A. C. Cain

Finding the major stories in the minor leagues

Tag: Hockey

Mascot Mania takes over Santander Arena

On Saturday, March 5 Santander Arena was crawling with all sorts of animals and objects and the Reading Royals celebrated Slapshot’s birthday.

The special day was celebrated in the best way possible, with Mascot Mania. The event drew mascots from dozens of local professional teams, colleges and businesses, as well as the Fur Circus, a professional mascot entertainment group.

Attendees included Melvin from the Lehigh Valley Phantoms, Ferrous from the Lehigh Valley Iron Pigs, Cylo from the Lancaster Barnstormers, Avalanche from Kutztown University, and many more.

While it seems odd, sending mascots away from their home field or arena is not unusual. Most notably, Major League Baseball teams send their mascots out on goodwill tours frequently, whether to gather more fans or to maintain the fans they already have.

While the night was a special celebration for Slapshot, the fans were the ones who got the real treat. Mascots roamed the stands throughout the game, taking photos with fans and providing endless entertainment.

From spilling popcorn, to rubbing heads, and leading cheers, the mascots emptied their bag of tricks to entertain the Royals’ fans.

And there were plenty of fans. The birthday celebration coincided with Scout Night, and a January snowstorm forced the Wall of Honor induction ceremony for Gordon Kaye to be rescheduled for this game. The three events led to a nearly sold-out arena.

Fur Circus added to the entertainment by roaming the stands with the other mascots, and giving two performances: a dance off between two young fans, and their own dance performance.

The impact of the mascots was apparent throughout the entire game. The arena was filled with the sounds of various cheers breaking out across the stands as individual mascots encouraged sections of fans. Children could be heard calling out for their favorite mascot, or darting after them in the concourse trying to grab a hug or a picture.

Even fans stuck waiting in-line for food were included in the fun, with various mascots passing by and offering high-fives as they journeyed from one portion of the arena to another.

The mascots set the perfect tone for the evening, and fans were cheering and dancing through the entire game.

The soundtrack of the game

Fans attend minor league sporting events for the atmosphere as much as the entertainment. Being surrounded by other fans and eating typical concession food is an important part of the experience. Another crucial part of the experience, though often overlooked, is the music.

Minor league sports, just like major league sports, are fueled by a constant soundtrack used to keep the fans energized and engaged, and to keep the players’ blood pumping throughout the game.

Fans tend to overlook the importance of music because it is always there, but a closer look at the numerous roles music plays proves that it is a crucial part of every game and every fan experience.

Benjamin Smith can attest to the importance of music, he is the Music and Sound Coordinator for the Reading Fightin’ Phils and the Reading Royals. Smith began working for both teams in 2011, and knows music’s many roles better than most.

At a typical home game for the Reading Fightin’ Phils, double-A affiliate of the Philadelphia Phillies, the music starts long before fans even enter the stadium. The music coordinator is in charge of providing music while both teams take batting practice, and the music being played on the field fills most of the stadium as the game-day staff prepares for the game.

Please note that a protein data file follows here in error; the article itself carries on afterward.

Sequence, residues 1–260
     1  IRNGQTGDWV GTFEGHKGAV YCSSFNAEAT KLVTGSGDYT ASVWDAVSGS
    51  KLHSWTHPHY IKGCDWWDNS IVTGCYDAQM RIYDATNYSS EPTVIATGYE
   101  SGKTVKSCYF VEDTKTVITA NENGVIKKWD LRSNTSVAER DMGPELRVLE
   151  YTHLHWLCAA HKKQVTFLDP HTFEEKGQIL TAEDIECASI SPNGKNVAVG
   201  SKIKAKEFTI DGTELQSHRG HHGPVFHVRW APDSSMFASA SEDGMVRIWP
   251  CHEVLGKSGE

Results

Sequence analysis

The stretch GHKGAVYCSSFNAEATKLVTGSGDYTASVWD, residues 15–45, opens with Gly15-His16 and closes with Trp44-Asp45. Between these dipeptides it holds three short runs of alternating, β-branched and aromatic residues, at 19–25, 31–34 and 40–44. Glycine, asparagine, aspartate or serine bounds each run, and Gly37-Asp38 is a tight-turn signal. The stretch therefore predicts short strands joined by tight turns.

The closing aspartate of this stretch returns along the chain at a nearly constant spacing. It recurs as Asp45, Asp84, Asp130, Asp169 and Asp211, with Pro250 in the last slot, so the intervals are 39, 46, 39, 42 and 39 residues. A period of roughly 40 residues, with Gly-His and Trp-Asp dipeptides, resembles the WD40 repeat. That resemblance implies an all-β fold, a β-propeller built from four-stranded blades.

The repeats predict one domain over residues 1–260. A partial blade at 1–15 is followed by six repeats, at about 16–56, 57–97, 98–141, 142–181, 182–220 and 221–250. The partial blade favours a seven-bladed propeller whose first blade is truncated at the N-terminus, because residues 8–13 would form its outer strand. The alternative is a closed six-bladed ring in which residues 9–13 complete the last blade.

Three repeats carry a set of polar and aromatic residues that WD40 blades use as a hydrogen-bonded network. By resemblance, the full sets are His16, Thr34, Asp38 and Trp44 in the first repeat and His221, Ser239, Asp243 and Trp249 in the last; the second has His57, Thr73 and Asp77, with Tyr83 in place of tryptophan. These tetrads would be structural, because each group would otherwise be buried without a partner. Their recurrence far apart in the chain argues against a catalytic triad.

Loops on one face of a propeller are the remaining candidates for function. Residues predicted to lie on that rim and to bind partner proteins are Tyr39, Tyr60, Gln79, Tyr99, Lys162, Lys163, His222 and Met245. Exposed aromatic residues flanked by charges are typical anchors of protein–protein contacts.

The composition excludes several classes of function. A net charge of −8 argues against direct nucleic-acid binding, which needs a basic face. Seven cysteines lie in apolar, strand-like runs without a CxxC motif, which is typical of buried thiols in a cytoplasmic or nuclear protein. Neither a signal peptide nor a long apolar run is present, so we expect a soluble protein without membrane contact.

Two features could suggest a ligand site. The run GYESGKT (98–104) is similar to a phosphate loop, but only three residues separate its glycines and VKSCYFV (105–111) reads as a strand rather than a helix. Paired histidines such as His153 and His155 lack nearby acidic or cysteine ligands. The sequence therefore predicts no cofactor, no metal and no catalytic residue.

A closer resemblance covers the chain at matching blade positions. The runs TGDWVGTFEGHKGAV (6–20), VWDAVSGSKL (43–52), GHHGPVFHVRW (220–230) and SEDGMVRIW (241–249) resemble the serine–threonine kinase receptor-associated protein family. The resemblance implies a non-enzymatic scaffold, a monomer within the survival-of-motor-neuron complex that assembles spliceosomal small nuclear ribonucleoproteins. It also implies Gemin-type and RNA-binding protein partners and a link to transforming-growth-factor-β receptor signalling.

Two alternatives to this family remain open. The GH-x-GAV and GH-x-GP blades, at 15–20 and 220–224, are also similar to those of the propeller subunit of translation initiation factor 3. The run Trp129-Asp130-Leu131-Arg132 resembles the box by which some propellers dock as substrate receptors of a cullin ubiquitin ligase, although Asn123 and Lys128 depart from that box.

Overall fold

Smith says he generally arrives at the stadium 3 hours before game time to make sure he is fully prepared, because the job comes with a lot of stress.

“There can be certain situations where your patience is tested,” Smith says, “We do a lot of pre- and post-game activities, which keeps you on your toes.”

Once the gates open, a band performing on the Weston Center Winning Smile Stage during Happy Hour may replace the batting practice music. This music is piped through the entire stadium, serenading fans as they search for their seats.

When the pre-game festivities get underway, the music changes to highlight any theme the day might be celebrating, be it Elvis, Disney, or even Jimmy Buffet. A crucial part of the pre-game is the theme songs for both the Fightin’ Phils and Baseballtown, which include a karaoke style video encouraging fans to sing along.

When the game begins the music switches to a blend of walk-up music, selected by the players as they begin their at-bat, warm-up music, chosen by both starting and relief pitchers, and stock music that plays whenever certain events happen on the field.

This music is managed effortlessly, constantly switching from one scenario to another and always starting and stopping at the proper time to provide seamless transitions.

Post-game festivities may also call for music; particularly fireworks shows, which are always complimented with music Smith mixes live. The stadium finally falls silent when nearly every fan has left.

The Reading Royals, the ECHL affiliate of the Philadelphia Flyers, offer a different look at the role of music.

Yes, some of the tasks are the same. The music keeps fans energetic and keeps the players’ pumped-up, but in other ways it is very unique.

MusicinSports

Graphic designed by Ariane Cain. Graphic created using easel.ly. Info courtesy of Benjamin Smith

While baseball uses batting practice music, hockey relies on warm-up music to get both the players and the fans ready for the game.

Hockey is a much faster game than baseball, meaning the music has to change faster to react to scenarios. The goal of music in hockey focused much more on crowd participation and leading the fans in chants and songs to keep the players energized, and Smith says this fast-paced, high-energy atmosphere can make the job more challenging.

“You constantly have to have music ready to go during games because of how drastically a situation can change. Again, your patience can get tested.”

With less downtime, hockey doesn’t provide as much opportunity for music during play, but each period break is filled with entertainment for the fans, which must be appropriately accompanied.